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American Society of Landscape Architects

 

November 2005 Issue

Bridging Truths
Landscape architects can help span the ages with timber bridges.

By Gary W. Cramer

Briding Truths
Courtesy Simone Jaffe Collins

Whether the goal is minor revision, middling restoration, or major re-creation, historic timber bridge projects offer distinct opportunities for landscape architects to join with engineers in crafting results that honestly span the past and present.

William Collins, asla, of Simone Jaffe Collins Landscape Architecture in Berwyn, Pennsylvania, thinks landscape architects should be involved in bridge design from the beginnings of community-based input to well beyond the design stage. A member of the Timber Framers Guild who lives near the Delaware River north of Philadelphia—a region that is rife with working remnants of nineteenth-century bridge and canal history—Collins has soaked up local engineering and timberworking lore. He likes to dive into bridge projects early on so he can make aesthetic decisions that respect the relationship of the bridge to the landscape and that preserve the original functions of the bridge.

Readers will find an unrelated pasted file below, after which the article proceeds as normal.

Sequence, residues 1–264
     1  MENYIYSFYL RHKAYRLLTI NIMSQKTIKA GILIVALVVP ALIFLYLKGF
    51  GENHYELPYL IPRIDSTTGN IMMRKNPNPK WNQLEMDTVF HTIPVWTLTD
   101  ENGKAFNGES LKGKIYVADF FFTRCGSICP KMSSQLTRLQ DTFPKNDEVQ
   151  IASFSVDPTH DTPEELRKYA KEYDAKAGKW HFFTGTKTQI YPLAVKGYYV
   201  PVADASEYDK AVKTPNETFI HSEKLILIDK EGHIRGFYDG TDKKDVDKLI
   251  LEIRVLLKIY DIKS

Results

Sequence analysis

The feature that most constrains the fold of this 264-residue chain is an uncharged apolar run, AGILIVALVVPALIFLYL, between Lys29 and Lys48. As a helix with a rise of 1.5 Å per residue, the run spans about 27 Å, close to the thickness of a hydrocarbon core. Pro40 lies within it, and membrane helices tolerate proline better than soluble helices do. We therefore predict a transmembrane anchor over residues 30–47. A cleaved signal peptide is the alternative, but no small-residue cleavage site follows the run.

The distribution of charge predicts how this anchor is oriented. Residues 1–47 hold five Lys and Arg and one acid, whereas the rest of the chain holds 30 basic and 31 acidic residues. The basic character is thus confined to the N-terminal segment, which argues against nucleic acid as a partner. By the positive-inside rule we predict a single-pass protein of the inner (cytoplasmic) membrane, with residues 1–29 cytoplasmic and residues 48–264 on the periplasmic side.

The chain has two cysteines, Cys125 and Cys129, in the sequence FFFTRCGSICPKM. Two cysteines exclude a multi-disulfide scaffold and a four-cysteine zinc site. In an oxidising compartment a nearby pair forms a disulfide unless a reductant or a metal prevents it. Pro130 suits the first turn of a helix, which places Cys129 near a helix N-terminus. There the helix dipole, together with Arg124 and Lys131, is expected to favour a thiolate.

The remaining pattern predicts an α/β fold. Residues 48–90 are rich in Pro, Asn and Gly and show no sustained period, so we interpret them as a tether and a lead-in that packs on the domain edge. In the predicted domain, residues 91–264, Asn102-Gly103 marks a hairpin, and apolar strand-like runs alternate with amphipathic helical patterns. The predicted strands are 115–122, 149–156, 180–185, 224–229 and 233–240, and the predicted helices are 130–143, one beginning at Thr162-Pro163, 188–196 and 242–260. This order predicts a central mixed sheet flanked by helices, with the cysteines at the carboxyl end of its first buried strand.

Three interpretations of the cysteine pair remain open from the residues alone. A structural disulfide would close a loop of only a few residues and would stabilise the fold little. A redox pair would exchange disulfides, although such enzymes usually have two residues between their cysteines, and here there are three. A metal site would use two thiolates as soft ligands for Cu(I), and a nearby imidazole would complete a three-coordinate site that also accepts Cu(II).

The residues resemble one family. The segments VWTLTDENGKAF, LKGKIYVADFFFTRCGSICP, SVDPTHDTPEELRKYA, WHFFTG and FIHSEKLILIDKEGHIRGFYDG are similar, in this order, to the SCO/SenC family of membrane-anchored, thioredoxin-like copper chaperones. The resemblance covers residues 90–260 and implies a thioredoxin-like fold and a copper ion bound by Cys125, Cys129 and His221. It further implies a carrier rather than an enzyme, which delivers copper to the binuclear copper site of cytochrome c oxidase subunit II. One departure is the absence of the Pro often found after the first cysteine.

"Bridges are a metaphor for partnerships," Collins says of his firmís involvement with a variety of historic and heritage bridge commissions. "Thereís an important distinction I make if Iím working on a bridge project: I want to see the architecture incorporated into the structure and not just be a facade or a happy face. Weíve got to avoid using materials without meaning. The materials chosen should accurately reflect the work being performed." He points out, for instance, that the historical bridge building practice was to use stone only in the form of bearing walls, arches, or short lintels—never in the form of the faux beams now seen in some suburban bridges that are meant to look older than they really are.

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